Dollar Holds Its Ground, Will Sentiment Support the Euro?

$ Dollar Holds Its Ground
€ Will Sentiment Support the Euro?
¥ Yen - Little Help from the Yuan
? Pound Shows Clear Signs of Slowing, Can Declines Continue?
? Swissie May Prepare To Turn On Strong KOF
C$ Canadian Dollar One Step Closer to Parity
AU$ Aussie Shows Clear Bearish Potential
NZ$ New Zealand Dollar Left In A Lurch With Rates Still Up In The Air

Dollar Holds Its Ground
On Wednesday we wrote," The EURUSD continues to range trade between 1.3450 and 1.3650 and will likely remain contained within that zone unless one or the other of the following factors becomes clear to the market - 1). ECB willing to raise rates beyond the 4% level or 2). US economy tipping into a recession. Neither one of those scenarios can be forecast with any degree of certainty just yet which explains the meandering price action in the pair this week."
Indeed much to the dismay of dollar bears US data was surprisingly strong, led by a very healthy rebound in Industrial Production which increased 0.7% vs. -0.2% the month prior. The second consecutive sub-300K print in weekly jobless claims also served as a strong counterargument to the doomsday scenarios of massive unemployment caused by the housing slowdown. In short, the news of dollar?s death has been greatly exaggerated. The unit continues to hold its ground as US economic data is not nearly as dour as the market expected.
Next week the calendar is sparse but it contains key data from the housing sector. In order for dollar bulls to make more progress the housing data must show some signs of stabilization. Last weeks very low reading from the NAHB which dipped to 30 from 33 expected provides little positive news for greenback bulls. Nevertheless if sales of New and Existing homes show even a slight improvement, the dollar could see further strength as the recession hypothesis becomes less and less likely.- BS

Will Sentiment Support the Euro?
The euro ended the week almost completely unchanged this week, even as data signals that Germany remains the picture of health and the European Central Bank is prepared to hike rates in June. Better-than-expected economic releases have done little to boost EURUSD significantly, as interest rates of 4.00 percent are already priced into the pair, but they did manage to stir up a bit of price action as the euro managed to breach 1.3600 on the back of German GDP. Expansion in the Euro-zone?s largest economy surged 0.5 percent in the first quarter, while the annual rate held at a resilient 3.6 percent, as exports provided a huge boon. However, a consistently tightening labor market has not necessarily led to an influx in consumption, as demand was hampered by German Chancellor Angela Merkel?s VAT hike in January. Meanwhile, CPI for the Euro-zone held aloft at 1.9 percent against expectations of an easing to 1.8 percent. With growth going unfettered and price pressures persisting, there?s no doubt the ECB will move 25 basis points higher next month. The question is: what will they do after that?
Event risk out of the Euro-zone is filled with sentiment reports this week, as the ZEW, IFO, and GfK surveys will all be released. The ZEW and IFO releases are both anticipated to reflect growing optimism amongst investors, as equity markets continue to reach new highs and businesses throughout the Euro-zone outperform. Meanwhile, consumers are forecasted to show more confidence in the economy, as labor market conditions are perpetually improving. Not to be forgotten, industrial new orders are predicted to rebound, as German trade data has proven that export demand is still strong despite the appreciation of the euro. With a rising trendline and Fibonacci support lying below at 1.3482, EURUSD will have a tough time falling lower, and surprisingly strong fundamentals may push the pair up to 1.3600. - TB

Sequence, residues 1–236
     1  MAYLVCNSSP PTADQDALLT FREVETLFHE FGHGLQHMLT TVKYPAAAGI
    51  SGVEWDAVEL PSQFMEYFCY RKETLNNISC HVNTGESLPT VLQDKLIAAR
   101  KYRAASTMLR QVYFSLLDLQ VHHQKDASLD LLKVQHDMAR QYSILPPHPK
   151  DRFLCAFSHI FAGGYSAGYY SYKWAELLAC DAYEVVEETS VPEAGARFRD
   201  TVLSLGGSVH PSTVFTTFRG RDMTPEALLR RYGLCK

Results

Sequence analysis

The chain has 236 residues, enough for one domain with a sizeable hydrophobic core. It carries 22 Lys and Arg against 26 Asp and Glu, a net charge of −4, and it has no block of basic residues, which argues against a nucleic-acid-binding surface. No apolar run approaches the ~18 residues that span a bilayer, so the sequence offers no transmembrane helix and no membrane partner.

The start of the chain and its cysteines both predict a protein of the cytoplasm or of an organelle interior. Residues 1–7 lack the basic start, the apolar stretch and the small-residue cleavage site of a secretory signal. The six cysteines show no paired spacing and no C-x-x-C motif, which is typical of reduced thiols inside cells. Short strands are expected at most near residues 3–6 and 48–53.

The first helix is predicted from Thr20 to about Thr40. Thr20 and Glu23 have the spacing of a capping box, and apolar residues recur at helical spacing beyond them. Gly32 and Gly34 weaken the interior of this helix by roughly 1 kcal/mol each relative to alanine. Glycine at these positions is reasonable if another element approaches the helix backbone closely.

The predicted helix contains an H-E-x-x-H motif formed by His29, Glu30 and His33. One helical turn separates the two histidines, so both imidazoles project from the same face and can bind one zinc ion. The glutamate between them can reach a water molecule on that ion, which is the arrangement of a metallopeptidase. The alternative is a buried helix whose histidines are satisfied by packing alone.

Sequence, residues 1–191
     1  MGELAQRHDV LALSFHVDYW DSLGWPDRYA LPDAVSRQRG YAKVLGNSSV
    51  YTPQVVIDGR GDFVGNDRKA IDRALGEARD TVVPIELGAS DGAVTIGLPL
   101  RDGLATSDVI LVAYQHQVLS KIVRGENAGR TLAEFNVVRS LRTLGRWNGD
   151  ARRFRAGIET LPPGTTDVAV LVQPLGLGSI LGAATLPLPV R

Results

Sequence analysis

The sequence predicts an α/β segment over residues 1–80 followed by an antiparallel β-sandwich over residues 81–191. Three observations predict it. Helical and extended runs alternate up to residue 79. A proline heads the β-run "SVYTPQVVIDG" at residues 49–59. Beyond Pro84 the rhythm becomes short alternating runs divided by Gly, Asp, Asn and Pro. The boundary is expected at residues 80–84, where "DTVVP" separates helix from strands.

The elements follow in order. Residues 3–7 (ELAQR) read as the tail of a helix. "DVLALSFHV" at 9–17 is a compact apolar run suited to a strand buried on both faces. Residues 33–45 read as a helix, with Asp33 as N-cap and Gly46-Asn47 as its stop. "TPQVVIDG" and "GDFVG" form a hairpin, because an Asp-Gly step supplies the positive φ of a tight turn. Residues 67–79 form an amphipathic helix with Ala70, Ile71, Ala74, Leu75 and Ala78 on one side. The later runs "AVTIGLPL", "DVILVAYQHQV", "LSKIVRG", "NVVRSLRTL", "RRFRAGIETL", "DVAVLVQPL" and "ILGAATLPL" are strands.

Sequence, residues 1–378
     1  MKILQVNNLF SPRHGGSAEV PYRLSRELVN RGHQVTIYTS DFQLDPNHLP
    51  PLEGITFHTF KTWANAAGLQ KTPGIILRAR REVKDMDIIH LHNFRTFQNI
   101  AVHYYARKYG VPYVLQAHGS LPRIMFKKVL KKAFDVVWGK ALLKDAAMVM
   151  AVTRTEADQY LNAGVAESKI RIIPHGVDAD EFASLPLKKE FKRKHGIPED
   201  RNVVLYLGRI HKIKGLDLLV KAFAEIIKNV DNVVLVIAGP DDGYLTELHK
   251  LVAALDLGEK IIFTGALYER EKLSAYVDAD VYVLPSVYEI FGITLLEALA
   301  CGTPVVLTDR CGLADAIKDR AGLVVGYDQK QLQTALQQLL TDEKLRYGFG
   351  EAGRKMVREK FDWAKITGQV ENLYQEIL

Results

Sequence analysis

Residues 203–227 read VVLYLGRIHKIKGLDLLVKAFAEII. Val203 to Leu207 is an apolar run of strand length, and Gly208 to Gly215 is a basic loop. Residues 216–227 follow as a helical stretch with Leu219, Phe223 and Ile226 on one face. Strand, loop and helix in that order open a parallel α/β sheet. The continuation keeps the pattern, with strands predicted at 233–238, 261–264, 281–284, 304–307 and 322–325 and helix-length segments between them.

Yen - Little Help from the Yuan
“Another night of trade in FX, another drop in the Japanese yen,” we wrote on Thursday. “The lowest yielder in the G-3 universe was hurt tonight by less than stellar GDP results and persistent inaction on the part the BOJ. Japanese GDP printed at 0.6% vs. 0.7% expected and although this was the ninth straight quarterly increase it provided no reason for the BoJ to expedite its “low and slow” approach to monetary policy and as such disappointed speculators betting that a more robust number would compel the central bank to hike rates soon.”
Yet on Friday the Japanese currency received an unexpected boost as PBOC announced that it would widen the Yuan/dollar trading band from 0.3% to 0.5% and raise rates by another 18bp. The rally was short lived however as the pair quickly regained the 121.00 level with carry traders plowing back into the market. Nevertheless, the announcement by the Chinese may have long term ramifications as we noted in our analysis of the move ( As we wrote, "This policy change is just the latest attempt by Chinese authorities to reign in speculative sentiment in the country by slowing inflationary pressures. In the meantime the announcement should provide a short term boost for the yen and serves as just the kind of exogenous news event that we warned about earlier this week when the currency was being sold relentlessly by the carry traders. While it may be too soon to call a near term peak in USDJPY, tonight?s news certainly provides yen bears with reason for pause as the unit may now find a bid despite the woeful Japanese fundamentals.

Next week, the Japanese calendar holds two events of possible interest to the market: Trade Balance data and National CPI figures. However, currency traders will most likely be glued to the movements of the shanghai index on Monday. If Chinese equities fall in response to the PBOC action, the USDJPY may do so as well.- BS

Pound Shows Clear Signs of Slowing, Can Declines Continue?